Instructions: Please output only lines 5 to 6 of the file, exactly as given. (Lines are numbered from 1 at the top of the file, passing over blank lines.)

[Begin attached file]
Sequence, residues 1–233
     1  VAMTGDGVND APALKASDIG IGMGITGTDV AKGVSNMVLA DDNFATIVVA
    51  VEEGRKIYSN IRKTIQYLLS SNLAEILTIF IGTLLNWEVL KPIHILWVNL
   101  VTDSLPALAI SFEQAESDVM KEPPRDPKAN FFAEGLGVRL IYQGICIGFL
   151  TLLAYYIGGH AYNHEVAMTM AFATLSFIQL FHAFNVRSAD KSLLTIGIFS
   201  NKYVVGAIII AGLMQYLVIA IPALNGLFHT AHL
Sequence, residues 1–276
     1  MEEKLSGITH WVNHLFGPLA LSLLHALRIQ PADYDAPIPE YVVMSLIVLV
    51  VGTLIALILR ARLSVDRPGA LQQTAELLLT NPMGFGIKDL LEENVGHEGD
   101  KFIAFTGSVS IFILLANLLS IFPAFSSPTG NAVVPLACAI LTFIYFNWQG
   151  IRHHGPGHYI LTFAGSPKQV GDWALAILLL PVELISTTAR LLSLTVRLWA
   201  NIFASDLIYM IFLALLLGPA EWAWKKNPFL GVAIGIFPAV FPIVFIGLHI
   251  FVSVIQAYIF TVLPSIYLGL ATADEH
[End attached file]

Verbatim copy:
   151  TLLAYYIGGH AYNHEVAMTM AFATLSFIQL FHAFNVRSAD KSLLTIGIFS
   201  NKYVVGAIII AGLMQYLVIA IPALNGLFHT AHL